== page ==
The renovated golf course is expected to open in summer 2024

Wakulla Sands Superintendent Shane Bass


Construction and development of the Wakulla Sands golf course is progressing steadily towards a summer 2024 opening, under the leadership of Superintendent Shane Bass.

Bass has been working on golf courses for about 30 years, almost all of his professional life. He started out in his hometown of Titusville, working on the golf carts at a PGA course, and continued into the maintenance side of things while taking classes at FSU, and he’s done it ever since.
He worked in Tallahassee for many years, most notably on the Hilaman and Jake Gaither courses. He also did work on the Glen Arven course in Thomasville, Georgia, as well as helping to build the St. James Bay course in Carrabelle in 2000-2001. While he stayed there for nine years, Bass says that he “Always just wanted to come back to this area… This opportunity opened up, and thought it was a good place to end my career.”
“The opportunity just worked out, I actually owned a house in Monticello… we just happened to have sold it, it just worked out to the benefit of everybody that I could head this way.”
He joined the course in May 2023, after the previous manager moved on, but just before serious reconstruction efforts had started, and has already almost completed the project.
Under Bass’ management, the course has been completely reconstructed and remodeled, improving upon the previous design.
The county purchased the golf course in October 2021 as a means to get rid of up to 1.2 million gallons of treated wastewater from its Otter Creek Treatment Plant.
Before the county bought it, an RV park had been built on top of the driving range and most of the first hole of the course, so in order to make the acquired land a fully functional course, a complete redesign was necessary.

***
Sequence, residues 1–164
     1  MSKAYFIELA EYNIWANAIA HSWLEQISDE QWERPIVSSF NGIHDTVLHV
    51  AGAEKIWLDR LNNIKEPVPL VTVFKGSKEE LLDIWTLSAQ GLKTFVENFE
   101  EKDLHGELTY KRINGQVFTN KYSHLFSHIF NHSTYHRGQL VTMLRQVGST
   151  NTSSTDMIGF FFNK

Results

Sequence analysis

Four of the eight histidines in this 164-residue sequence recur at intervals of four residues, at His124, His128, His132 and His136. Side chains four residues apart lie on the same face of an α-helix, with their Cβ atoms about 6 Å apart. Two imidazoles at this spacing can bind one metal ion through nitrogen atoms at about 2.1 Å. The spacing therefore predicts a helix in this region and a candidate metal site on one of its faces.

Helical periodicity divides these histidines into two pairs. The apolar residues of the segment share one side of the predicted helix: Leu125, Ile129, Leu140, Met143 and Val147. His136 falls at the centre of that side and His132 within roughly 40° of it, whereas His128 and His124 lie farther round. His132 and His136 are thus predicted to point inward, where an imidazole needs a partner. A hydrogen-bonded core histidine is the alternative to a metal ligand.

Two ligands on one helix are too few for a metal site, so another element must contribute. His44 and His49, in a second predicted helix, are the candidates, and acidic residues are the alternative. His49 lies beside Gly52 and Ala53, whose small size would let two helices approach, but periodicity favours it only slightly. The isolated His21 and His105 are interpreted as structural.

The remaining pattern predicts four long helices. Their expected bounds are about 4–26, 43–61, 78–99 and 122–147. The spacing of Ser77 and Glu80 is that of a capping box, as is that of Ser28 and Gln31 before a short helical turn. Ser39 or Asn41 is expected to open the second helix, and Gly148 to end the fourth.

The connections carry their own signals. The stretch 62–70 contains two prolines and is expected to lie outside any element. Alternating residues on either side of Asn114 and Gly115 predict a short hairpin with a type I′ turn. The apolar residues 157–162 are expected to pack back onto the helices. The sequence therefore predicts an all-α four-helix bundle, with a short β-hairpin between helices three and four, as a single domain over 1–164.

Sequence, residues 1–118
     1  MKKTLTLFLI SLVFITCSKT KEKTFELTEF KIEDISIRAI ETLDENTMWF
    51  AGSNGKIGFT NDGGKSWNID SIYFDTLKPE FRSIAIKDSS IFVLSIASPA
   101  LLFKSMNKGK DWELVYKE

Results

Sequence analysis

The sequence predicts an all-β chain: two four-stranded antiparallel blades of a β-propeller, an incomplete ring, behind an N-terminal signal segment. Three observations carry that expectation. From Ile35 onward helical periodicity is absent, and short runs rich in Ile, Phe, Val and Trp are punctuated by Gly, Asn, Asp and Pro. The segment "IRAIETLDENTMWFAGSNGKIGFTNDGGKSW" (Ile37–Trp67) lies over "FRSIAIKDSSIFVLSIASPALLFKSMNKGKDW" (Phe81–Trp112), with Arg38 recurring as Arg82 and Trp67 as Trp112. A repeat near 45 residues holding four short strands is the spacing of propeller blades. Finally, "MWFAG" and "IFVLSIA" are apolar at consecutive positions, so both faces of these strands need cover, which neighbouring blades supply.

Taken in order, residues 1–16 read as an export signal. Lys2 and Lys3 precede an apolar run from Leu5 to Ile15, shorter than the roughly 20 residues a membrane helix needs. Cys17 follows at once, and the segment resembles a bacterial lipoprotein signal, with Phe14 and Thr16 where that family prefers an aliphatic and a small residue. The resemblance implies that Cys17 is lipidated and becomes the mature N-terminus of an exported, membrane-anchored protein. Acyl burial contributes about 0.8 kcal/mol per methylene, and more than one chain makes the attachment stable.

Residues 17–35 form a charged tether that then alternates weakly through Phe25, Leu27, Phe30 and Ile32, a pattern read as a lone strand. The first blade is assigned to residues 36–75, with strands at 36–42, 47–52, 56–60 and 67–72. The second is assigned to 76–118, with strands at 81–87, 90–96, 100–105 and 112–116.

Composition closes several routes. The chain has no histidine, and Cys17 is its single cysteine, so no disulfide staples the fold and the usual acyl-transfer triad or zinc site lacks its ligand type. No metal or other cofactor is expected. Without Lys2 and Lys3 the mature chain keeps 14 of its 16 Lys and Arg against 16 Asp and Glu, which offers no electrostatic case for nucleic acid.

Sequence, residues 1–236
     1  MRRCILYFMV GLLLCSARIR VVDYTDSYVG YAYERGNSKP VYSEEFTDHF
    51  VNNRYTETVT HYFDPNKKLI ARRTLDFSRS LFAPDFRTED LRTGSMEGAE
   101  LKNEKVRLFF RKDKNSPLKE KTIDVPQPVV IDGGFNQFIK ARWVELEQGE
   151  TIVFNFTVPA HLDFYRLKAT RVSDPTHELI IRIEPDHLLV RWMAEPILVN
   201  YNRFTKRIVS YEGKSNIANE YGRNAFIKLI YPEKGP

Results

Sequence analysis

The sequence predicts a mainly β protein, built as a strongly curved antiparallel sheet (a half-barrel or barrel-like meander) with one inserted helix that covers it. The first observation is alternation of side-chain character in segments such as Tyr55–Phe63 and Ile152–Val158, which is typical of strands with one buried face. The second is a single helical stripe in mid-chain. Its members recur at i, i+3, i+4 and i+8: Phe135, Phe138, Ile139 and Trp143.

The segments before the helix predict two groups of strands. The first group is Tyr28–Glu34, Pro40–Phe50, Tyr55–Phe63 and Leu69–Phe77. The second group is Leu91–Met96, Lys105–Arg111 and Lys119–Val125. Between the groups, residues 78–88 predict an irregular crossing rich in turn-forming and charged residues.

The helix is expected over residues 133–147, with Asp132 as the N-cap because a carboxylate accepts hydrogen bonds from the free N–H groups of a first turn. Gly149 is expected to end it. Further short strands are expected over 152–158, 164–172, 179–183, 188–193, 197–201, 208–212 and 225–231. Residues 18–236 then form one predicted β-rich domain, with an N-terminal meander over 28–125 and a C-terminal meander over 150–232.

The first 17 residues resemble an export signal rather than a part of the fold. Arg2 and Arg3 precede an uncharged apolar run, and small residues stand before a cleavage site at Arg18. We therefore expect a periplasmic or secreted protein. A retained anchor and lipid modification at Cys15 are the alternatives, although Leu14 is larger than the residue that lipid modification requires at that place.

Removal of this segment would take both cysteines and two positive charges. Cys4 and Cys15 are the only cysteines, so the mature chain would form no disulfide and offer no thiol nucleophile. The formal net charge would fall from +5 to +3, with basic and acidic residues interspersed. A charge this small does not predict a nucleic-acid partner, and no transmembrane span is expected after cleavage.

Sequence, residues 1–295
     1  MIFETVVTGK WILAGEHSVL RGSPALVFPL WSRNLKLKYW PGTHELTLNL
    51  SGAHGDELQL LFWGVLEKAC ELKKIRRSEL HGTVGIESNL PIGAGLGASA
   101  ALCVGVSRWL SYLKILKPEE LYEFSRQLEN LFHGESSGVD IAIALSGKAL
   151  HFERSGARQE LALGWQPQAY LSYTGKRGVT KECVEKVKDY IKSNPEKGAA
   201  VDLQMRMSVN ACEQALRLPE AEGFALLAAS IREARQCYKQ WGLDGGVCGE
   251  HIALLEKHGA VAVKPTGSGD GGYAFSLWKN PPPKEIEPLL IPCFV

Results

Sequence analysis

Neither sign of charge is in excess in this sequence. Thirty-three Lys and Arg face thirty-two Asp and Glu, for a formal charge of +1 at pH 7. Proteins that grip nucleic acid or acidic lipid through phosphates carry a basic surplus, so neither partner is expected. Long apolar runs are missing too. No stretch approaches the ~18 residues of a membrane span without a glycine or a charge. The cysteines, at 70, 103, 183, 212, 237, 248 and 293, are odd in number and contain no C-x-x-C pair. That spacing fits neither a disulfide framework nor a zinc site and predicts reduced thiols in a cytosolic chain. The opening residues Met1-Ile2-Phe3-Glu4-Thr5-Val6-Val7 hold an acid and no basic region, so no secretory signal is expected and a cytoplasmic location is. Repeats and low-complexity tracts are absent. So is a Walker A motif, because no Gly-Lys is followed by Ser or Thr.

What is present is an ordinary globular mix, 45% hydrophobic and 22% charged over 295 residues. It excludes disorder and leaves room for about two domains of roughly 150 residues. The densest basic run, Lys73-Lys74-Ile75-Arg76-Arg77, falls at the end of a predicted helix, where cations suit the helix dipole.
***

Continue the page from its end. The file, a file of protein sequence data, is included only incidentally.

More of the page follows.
“We’ve basically put 18 holes where 17 holes were before,” Bass said.
Each of the greens has had the grass changed out, so that it will not only look better for players, but also so that the reclaimed water that the county sprays the course with will have an extra layer of filtration before it reaches the water table again.
“It’s a good way to get rid of the wastewater because the plant will take up a lot of those nutrients that are left in that water and use it to help the grass grow,” he said. This ensures that the reclaimed water is reintroduced in the healthiest and most effective way possible.
In order to ensure that the course doesn’t become saturated with that reclaimed water, they’ve installed Rapid Infiltration Basins, or RIBs for short. That way, if the course gets several inches of rain as it did last week, or too much water is sent that way, the water can be diverted away from the course, keeping it nice and playable.
These RIBs constitute 9 acres of the course’s full 130-acre area scattered around the course, and are surrounded by low-flow irrigation heads, allowing reclaimed water to be pumped directly into them, rather than onto the course, if necessary.
The course has already begun to diserse the reclaimed water, currently spraying around 750,000 gallons each day onto the course, before it’s even completed.
Bass estimates that by the end of December 2024, the course will be dispersing 1.2 million gallons each day.
The major construction is mostly complete, with only a few greens left to sod, and those are supposed to take only a few more days, weather permitting.
The golf course will hopefully be open in the summer of 2024, after more sod is laid in the spring. The course will not be membership-exclusive, but rather open to everyone, although the fee schedule hasn’t been worked out just yet.
“It’ll be a great home course for the high school teams to play and hopefully something they can be proud of,” Bass said.